One of the reasons to go back and complete missions is another cool addition to Pokémon Picross. Some challenges will award a mural piece. These are small 10×10 puzzle grids, but they come together in an 8×8 mural, creating a much higher resolution image over a much longer period. I haven’t finished a mural yet, but I’m looking forward to seeing it come together.
The last big tweak is the inclusion of mega rows and columns. These only appear in a separate path, which mirrors the main path exactly. These add a new mechanic to the nonograms, with numbers that span two rows or columns describing an amorphous chunk of pixels rather than a neat line.
For picross enthusiasts, this is a huge change. After doing hundreds (thousands?) of these puzzles, the process can become rote. Even with ever-changing target images, certain number patterns can emerge and a general algorithm can be followed. The mega rows throw a wrench into that, forcing the player to actively reason through it and use more advanced logic than usual. I welcome the new mechanic, but I can imagine purists shunning it.
By far, the biggest psychological hurdle players will have to surmount with Pokémon Picross is its pricing presentation. It is advertised as “free to start,” which some might interpret as free-to-play. Indeed, there is an energy mechanic and a separate currency (Picrites) that can be purchased with real money. It looks and acts like a free-to-play game at first glance.
It is (probably) technically possible to play it in its entirety without spending a dime. Picrites are required to unlock new sets of stages, and after exhausting the available missions, Picrites can be earned indefinitely through the daily challenges. However, Picrite income is dwarfed by spending. Early on, a single daily challenge awards about five Picrites and level sets can easily cost in the hundreds. One single Mega Pokémon level costs 500 Picrites, which would take ages to grind out.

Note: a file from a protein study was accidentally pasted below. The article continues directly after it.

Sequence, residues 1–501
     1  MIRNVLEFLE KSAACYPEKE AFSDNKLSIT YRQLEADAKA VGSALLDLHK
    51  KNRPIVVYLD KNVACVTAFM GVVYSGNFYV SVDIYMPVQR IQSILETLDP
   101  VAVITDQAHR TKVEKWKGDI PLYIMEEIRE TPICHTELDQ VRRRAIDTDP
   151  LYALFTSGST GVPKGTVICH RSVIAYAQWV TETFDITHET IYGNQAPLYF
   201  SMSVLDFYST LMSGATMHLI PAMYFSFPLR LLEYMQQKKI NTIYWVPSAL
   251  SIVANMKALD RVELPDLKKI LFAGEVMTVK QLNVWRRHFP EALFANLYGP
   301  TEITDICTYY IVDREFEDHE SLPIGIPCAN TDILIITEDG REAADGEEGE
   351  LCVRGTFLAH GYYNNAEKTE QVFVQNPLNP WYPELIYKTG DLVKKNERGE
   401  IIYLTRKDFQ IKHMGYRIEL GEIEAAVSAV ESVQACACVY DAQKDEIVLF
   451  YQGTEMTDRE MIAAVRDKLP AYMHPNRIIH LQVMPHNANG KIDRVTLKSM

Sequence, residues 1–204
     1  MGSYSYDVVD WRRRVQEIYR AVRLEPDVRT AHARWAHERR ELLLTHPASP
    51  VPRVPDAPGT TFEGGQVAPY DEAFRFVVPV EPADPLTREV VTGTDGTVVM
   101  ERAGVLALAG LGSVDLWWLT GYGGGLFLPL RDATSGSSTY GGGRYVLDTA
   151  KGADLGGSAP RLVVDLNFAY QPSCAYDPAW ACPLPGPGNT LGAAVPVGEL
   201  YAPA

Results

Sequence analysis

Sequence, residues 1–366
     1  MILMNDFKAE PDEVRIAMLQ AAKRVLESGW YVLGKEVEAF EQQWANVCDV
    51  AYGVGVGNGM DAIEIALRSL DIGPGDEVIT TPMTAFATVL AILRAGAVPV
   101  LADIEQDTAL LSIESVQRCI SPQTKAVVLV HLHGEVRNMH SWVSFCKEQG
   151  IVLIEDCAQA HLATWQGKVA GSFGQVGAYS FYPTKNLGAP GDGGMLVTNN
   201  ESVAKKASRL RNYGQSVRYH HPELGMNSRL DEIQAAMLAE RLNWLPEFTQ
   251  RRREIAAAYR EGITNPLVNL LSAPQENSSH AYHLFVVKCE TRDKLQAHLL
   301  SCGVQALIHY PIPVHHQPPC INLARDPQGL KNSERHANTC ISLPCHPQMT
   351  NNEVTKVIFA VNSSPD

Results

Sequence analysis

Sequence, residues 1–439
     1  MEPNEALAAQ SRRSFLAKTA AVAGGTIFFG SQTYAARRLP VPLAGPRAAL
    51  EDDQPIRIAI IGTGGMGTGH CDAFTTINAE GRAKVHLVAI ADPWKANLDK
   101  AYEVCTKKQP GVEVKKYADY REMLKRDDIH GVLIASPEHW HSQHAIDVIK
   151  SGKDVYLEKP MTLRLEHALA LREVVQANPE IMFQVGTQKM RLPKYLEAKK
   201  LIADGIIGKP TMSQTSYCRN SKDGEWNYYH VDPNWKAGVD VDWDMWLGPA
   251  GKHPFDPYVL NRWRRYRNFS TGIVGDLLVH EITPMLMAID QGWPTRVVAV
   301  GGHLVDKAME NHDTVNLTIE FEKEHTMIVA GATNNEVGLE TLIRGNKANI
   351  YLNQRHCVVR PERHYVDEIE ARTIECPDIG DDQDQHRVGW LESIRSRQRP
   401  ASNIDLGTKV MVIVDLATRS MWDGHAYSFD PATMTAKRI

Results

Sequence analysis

Thankfully, Pokémon Picross does what I wish most free-to-play games did. After spending enough money — about $30 — on Picrites, the currency supply becomes infinite. With those infinite Picrites, players can make the energy bar infinite as well. Essentially, putting enough money in turns it from a free-to-play into a standard-style retail game. There’s no more waiting for a timer or being gouged by microtransactions, just playing. To look at the pricing scheme another way, you can download the Pokémon Picross demo for free, but the full game costs $30.
With that in mind, I have no qualms about recommending Pokémon Picross for those willing to pay full price. I got a code to download it a few days early, dipped my toes into the microtransactions, then soon decided it was worth purchasing the infinite Picrites with my own money. The only difference between this and Picross DS is the $30 I paid for this came after I already knew I liked it instead of before.
Picross with Pokémon. That’s all this needed to be, and that’s what this appears to be at a glance, but further inspection reveals much more. The murals provide long-term motivation. The missions provide short-term reward. The mega rows encourage nonstandard nonogram logic over rote processes. Aside from the strangely disguised pricing scheme, the new additions to Pokémon Picross exceed expectations.
[This review is based on a retail build of the game essentially purchased by the reviewer.]